Jason Fried, “10 Questions on REthinking the WORKplace”

Josh Bernoff on why traditional marketin…

Josh Bernoff on why traditional marketing and social media marketing are at odds with one another:

The problem is simple. Marketers don’t understand channels where you have to talk and listen at the same time. Like one of those maddening not-full-duplex speakerphones where you can’t interrupt somebody, this is what drives customers nuts. Think about it. None of those talking channels allows a response. None of those listening channels encourages actual feedback from the company.

The marketing industry’s idea of a two-way communication is to put an 800 number or a web address in an ad and take orders.

Like any shift in thinking, it’s already started with motivated individuals who wish to make a difference. It’s only a matter of time before this kind of thinking begins to permeate the culture of successful organizations.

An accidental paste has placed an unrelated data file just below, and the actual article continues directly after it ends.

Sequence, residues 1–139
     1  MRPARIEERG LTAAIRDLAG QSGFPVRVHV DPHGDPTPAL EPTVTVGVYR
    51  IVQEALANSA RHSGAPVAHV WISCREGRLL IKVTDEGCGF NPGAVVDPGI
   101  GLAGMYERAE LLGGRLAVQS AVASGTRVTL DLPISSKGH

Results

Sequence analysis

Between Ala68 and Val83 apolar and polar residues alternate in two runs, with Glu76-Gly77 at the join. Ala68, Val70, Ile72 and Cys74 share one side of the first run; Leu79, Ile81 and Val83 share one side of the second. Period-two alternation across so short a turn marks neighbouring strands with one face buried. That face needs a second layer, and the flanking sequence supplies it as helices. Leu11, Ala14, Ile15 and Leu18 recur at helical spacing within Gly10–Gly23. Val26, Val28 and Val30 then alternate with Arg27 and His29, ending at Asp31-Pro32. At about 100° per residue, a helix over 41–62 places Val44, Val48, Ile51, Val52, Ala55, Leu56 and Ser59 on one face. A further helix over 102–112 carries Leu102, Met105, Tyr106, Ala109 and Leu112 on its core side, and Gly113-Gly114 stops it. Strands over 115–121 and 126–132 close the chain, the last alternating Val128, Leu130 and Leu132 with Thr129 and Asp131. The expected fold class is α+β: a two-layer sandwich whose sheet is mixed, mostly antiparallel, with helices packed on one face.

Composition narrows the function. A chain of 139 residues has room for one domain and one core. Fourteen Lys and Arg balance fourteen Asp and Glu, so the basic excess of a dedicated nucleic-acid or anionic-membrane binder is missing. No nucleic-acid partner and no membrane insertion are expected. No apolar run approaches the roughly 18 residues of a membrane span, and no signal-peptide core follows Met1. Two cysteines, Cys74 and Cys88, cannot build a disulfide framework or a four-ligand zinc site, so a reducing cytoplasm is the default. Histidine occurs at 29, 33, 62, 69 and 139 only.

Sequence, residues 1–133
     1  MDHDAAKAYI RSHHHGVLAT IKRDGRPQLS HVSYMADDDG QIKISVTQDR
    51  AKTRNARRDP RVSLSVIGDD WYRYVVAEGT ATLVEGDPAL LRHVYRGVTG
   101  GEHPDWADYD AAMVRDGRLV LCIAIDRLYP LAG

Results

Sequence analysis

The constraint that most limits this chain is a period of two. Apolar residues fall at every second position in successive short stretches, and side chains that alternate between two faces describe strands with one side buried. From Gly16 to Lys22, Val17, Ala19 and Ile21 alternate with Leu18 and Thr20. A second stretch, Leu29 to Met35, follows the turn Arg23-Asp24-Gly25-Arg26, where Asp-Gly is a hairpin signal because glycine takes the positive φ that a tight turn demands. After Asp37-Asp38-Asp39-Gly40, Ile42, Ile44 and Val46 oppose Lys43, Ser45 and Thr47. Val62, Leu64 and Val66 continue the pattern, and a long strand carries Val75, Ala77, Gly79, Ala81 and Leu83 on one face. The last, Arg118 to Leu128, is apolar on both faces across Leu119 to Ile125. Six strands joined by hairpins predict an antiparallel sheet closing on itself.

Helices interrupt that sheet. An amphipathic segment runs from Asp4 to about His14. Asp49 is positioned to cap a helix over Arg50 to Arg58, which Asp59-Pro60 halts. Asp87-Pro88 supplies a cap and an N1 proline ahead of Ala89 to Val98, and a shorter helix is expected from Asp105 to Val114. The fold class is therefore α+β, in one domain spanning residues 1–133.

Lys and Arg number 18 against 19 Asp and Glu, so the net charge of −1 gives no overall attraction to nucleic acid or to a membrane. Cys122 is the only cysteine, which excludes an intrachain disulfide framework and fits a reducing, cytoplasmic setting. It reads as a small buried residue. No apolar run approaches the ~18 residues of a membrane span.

Like Drinking, Be Reponsible when Using Social Media

Chris Brogan on company presence management:

Let’s say you build a pretty decent stream of conversations on Facebook. Maybe it’s your junior comms person and they’re just drumming up excitement for a new product that the people want. Everything’s going great, and there’s an active group, and people feel like they’re being treated like humans. Know who comes next?

Marketing. In some companies, they come crashing down from the hills like angry Mongol raiders, set on converting people from interested community members into hot leads to purchase. They start asking to push materials down the community channel. They ask for lists. They push for opt-ins for email marketing.

Is it the right move? Not as listed above. Not if that’s not how you set the presence up to begin with. It will feel like horrid bait and switch. People will flock away pretty darned fast if you switch them over into convert mode. They’ll also hate you if you just pull up stakes and run after the product is launched. If they’ve committed to talking with you at those points of presence, they want you there for the long term.